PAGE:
Parents' Guide to

The Fates Divide: Carve the Mark, Book 2

By Sandie Angulo Chen, Common Sense Media Reviewer

age 13+

Introspective, twist-filled finale explores love, destiny.

The Fates Divide: Carve the Mark, Book 2 Poster Image

A Lot or a Little?

What you will—and won't—find in this book.

Community Reviews

age 16+

Based on 4 parent reviews

age 13+

Personally I like this book way more than the first one. It was also more mature than the first. There is heavy making out that leads to third base and late s3x. Lots of violence. Uses of the s word and one f. Overall though, it is a great book and I loved it
age 18+

IT SUCKS

TOO SEXY

Is It Any Good?

Our review:
Parents say (4 ):
Kids say (4 ):

Roth's second book in the Carve the Mark duology is an introspective, romantic, character-based follow-up to the world-building of the first novel. There are some undeniable truths in this series: that Cyra and Akos love each other, that their fates are intertwined, that the Shotet and the Thuhve must learn to co-exist or risk annihilating one another. Roth approaches big themes from a personal perspective. In addition to Cyra's and Akos' points of view, this sequel includes Akos' siblings Eijeh's (the oracle whose mind was addled with Ryzek's memories) and Cisi's (who can shift others' moods) perspectives. Cyra's first-person chapters remain the most immediate and relatable, whereas Akos' third-person chapters swing between reflective and sympathetic to a bit slow.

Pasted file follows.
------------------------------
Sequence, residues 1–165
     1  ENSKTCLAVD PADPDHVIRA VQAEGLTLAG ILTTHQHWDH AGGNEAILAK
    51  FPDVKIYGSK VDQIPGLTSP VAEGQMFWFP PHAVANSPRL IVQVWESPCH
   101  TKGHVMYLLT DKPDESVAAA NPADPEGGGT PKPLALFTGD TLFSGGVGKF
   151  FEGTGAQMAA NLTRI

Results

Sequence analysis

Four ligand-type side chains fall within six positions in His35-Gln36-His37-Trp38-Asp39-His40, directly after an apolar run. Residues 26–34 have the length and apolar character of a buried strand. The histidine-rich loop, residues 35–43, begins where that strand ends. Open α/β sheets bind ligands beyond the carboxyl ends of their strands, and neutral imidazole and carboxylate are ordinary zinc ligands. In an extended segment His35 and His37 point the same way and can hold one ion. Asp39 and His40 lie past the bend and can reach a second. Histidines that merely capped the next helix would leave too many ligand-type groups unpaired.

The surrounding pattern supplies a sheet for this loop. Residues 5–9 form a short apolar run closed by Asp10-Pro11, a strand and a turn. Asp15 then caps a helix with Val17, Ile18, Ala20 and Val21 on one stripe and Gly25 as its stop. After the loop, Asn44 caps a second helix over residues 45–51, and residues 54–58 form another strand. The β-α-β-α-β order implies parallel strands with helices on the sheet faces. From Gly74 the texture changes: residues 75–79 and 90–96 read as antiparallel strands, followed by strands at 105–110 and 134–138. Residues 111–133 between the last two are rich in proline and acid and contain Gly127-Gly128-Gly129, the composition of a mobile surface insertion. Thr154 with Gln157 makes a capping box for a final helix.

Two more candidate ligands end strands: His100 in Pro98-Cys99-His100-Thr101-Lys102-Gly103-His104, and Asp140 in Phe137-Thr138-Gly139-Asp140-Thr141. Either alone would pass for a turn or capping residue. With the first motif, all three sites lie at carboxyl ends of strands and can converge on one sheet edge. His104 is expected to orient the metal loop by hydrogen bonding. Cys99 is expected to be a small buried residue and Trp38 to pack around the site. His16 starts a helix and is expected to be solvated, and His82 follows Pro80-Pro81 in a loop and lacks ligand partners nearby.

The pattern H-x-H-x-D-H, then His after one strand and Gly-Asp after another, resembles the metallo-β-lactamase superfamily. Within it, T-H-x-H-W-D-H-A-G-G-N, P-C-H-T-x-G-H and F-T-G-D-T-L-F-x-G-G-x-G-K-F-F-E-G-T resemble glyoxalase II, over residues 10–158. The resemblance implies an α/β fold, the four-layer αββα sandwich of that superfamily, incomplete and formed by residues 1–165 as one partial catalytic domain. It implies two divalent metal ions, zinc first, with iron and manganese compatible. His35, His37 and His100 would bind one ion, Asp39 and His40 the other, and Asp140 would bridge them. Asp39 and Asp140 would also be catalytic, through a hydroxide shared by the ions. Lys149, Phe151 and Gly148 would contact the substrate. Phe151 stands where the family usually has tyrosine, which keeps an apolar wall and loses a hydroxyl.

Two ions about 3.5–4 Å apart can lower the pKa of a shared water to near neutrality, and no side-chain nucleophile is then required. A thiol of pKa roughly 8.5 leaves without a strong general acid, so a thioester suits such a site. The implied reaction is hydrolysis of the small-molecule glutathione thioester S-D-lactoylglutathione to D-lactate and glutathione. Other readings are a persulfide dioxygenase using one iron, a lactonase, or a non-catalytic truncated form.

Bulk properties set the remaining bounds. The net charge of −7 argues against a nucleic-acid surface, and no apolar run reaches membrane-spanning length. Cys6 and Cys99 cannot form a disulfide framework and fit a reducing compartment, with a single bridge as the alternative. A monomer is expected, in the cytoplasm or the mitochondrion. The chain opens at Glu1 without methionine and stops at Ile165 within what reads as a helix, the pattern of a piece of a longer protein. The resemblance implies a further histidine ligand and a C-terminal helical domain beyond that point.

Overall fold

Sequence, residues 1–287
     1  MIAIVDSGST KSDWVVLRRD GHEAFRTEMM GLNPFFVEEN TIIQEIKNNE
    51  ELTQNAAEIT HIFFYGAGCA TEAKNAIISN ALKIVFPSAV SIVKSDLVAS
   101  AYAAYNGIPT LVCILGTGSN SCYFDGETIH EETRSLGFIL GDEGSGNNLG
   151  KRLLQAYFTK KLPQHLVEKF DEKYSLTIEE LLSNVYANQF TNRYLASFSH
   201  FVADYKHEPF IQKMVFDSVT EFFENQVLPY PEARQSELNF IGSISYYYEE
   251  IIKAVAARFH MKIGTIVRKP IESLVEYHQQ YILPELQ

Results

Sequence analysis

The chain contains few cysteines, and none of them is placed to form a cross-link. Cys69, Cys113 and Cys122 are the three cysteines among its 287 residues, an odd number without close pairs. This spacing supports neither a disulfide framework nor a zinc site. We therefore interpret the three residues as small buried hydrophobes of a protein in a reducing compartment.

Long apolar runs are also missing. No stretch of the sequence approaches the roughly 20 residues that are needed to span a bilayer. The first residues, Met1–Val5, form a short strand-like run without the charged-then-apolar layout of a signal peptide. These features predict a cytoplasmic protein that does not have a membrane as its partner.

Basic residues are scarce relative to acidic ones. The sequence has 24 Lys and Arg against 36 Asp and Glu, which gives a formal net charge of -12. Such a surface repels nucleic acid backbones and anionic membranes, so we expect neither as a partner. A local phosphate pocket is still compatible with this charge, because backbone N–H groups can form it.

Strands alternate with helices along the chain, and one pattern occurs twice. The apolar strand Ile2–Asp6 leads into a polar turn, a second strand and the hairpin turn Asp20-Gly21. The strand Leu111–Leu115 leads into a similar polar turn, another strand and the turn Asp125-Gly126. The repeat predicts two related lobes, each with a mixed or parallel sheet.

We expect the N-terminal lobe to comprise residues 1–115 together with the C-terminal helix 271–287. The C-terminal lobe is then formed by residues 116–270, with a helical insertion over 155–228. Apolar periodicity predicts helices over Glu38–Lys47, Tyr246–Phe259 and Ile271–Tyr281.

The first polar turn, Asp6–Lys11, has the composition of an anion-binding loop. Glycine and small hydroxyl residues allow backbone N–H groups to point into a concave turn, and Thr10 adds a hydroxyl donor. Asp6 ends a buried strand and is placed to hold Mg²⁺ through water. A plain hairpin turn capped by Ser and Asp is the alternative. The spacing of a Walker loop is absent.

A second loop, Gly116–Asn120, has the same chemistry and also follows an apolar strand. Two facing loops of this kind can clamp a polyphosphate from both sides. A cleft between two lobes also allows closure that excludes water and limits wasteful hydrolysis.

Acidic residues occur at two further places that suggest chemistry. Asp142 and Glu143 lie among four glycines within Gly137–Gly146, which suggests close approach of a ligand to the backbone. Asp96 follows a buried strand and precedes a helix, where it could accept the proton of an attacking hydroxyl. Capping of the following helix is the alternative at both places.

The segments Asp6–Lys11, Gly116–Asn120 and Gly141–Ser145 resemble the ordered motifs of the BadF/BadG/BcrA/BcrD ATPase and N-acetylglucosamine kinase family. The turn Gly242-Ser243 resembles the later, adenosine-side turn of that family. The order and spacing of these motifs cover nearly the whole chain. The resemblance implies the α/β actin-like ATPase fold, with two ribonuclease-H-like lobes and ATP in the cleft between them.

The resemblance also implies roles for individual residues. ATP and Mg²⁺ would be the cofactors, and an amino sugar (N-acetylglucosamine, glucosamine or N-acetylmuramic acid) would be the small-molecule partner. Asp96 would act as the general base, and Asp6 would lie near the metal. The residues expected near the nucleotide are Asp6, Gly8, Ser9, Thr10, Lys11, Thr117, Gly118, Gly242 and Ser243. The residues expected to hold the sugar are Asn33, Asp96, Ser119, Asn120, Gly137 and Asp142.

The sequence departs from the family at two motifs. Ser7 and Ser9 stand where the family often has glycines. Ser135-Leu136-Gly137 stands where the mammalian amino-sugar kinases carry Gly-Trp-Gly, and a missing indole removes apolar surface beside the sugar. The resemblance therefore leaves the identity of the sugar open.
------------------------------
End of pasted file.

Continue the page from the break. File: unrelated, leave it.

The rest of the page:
Akos experiences a lot of growth, however, as does Cyra. [Spoiler] There's an interlude when the two aren't physically together, and it's heartbreaking but necessary for both of them to fulfill their destinies and save the world. Cyra and Akos must figure out whether their love is a choice or a foregone conclusion because of the prophecies about their lives. There's an almost biblical quality to their love story, as well as the complicated family dynamics surrounding the Noaveks and Kereseths in this second installment. Like Ruth and Naomi's "Where you go I will go, and where you stay I will stay. Your people will be my people," Akos lovingly tells to Cyra: "In case you hadn't noticed... I'll pretty much go with you anywhere."

Book Details

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